I hit major reading slumps this year, but I managed to pull myself together for a few reading blitzes. When I was on, I was on, and I was reading at a break-neck pace to get reviews out and enjoy myself. But when I was off, picking up a book felt like carrying dead weight. I’m working towards vastly improving my mental health, and I’ve made some progress.

My goal this year was to read 40 books. I managed to read through 19. Not quite halfway, but it’s something better than nothing.

Of the four books that I gave a five-star review to on Goodreads, I think The Raven King was my personal favourite. As a whole, The Raven Cycle series was a lot of fun, and very interesting to read.

Going into 2018, I plan to finish The Ministry of Peculiar Occurrences, and hop on to a few more trilogies that I have on my still ever-expanding TBR pile. I’ve set my goal at 40 books again, and I hope that, at the very least, I can make it halfway.

As I said in my piece last year, I’m not quite gutted that I didn’t make my goal but I won’t let it get me down too much, either. Something is better than nothing, and progress, however big or small, is still progress. I’m looking forward to what 2018 holds for me work wise, in my personal life, and in my bookish endeavors.

Cheers and Happy New Year!

All my love, Aubrey.

The Hating Game – Sally Thorne

•December 22, 2017 • 3 Comments

the hating game


Nemesis (n.)
1) An opponent or rival whom a person cannot best or overcome;
2) A person’s undoing;
3) Joshua Templeman.

Lucy Hutton and Joshua Templeman hate each other. Not dislike. Not begrudgingly tolerate. Hate. And they have no problem displaying their feelings through a series of ritualistic passive aggressive maneuvers as they sit across from each other, executive assistants to co-CEOs of a publishing company. Lucy can’t understand Joshua’s joyless, uptight, meticulous approach to his job. Joshua is clearly baffled by Lucy’s overly bright clothes, quirkiness, and Pollyanna attitude.

Now up for the same promotion, their battle of wills has come to a head and Lucy refuses to back down when their latest game could cost her her dream job…But the tension between Lucy and Joshua has also reached its boiling point, and Lucy is discovering that maybe she doesn’t hate Joshua. And maybe, he doesn’t hate her either. Or maybe this is just another game.

My Thoughts

I was very nervous about starting this book. It got a lot of hype this year. I put it off for a while, but finally decided to give it a go. The hype is well worth it, I must say.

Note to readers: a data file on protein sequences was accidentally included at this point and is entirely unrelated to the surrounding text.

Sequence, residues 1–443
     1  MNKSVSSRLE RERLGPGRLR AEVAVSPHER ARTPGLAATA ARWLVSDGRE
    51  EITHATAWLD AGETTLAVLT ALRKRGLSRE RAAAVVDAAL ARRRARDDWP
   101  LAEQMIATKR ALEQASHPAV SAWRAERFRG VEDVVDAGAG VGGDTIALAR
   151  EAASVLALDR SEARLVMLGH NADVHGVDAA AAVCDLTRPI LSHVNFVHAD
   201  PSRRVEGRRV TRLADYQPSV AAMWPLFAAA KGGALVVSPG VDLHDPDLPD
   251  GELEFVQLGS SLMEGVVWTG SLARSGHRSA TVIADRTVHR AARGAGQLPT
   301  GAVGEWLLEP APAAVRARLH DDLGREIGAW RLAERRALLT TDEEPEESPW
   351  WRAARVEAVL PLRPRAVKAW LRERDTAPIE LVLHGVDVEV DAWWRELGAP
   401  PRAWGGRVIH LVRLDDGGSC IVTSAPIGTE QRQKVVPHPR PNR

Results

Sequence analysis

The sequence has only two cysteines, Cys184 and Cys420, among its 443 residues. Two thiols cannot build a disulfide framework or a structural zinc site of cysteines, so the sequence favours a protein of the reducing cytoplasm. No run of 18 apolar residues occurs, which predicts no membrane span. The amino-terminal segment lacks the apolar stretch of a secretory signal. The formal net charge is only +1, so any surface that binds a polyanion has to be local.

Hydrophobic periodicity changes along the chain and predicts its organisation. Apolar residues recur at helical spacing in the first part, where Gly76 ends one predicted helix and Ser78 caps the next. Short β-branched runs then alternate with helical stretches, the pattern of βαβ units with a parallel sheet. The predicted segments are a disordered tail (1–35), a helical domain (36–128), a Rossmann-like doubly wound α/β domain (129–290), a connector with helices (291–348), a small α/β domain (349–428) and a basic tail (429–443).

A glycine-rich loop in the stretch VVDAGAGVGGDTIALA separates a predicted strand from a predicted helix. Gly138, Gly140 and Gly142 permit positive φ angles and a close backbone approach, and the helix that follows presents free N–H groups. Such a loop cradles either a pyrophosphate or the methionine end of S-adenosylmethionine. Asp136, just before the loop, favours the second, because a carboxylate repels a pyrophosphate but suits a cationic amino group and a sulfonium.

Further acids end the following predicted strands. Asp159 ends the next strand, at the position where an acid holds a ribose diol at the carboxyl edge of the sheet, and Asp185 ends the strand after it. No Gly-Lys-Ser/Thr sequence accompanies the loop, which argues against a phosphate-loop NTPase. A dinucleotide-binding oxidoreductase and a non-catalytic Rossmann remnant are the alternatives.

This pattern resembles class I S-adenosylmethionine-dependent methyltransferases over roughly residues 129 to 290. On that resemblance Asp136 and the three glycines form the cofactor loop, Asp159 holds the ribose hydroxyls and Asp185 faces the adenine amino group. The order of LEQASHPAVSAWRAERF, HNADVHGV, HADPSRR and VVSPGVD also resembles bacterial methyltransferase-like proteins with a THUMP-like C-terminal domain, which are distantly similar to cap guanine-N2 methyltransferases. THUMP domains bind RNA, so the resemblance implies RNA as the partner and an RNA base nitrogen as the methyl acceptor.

This book draws you right in from the get-go. It’s enticing, and clever, and oh so witty. Lucy is engaging and fun and wildly passionate. The games she plays with her infuriatingly composed colleague Joshua seems petty and childish at the outset (which she admits herself), but they establish an important foundation to their relationship.

Lucy and Joshua are complimentary in their opposition. They balance each other quite wonderfully, even through heated words and nasty snark. But Lucy never backs down, not for one instant.

The dynamic between Lucy and Joshua is riveting. I loved it. I would grin through every single one of their word battles and interactions. It never got old. It was always fresh and invigorating.

I haven’t read a romance novel in a while, but I’m very glad to have come across this one! I look forward to more from Sally Thorne in 2018!

The Obsidian Chamber – Douglas Preston & Lincoln Child

•December 20, 2017 • 3 Comments

the obsidian chamber


After a harrowing, otherworldly confrontation on the shores of Exmouth, Massachussetts, Special Agent A.X.L. Pendergast is missing, presumed dead.
Sick with grief, Pendergast’s ward, Constance, retreats to her chambers beneath the family mansion at 891 Riverside Drive–only to be taken captive by a shadowy figure from the past.
Proctor, Pendergast’s longtime bodyguard, springs to action, chasing Constance’s kidnapper through cities, across oceans, and into wastelands unknown.
And by the time Proctor discovers the truth, a terrifying engine has stirred-and it may already be too late . . .

My Thoughts

After finishing the last Pendergast adventure, I couldn’t help but pick this one up right away! I was on the edge of my seat, and I just needed to know right away what happened next. I was not disappointed.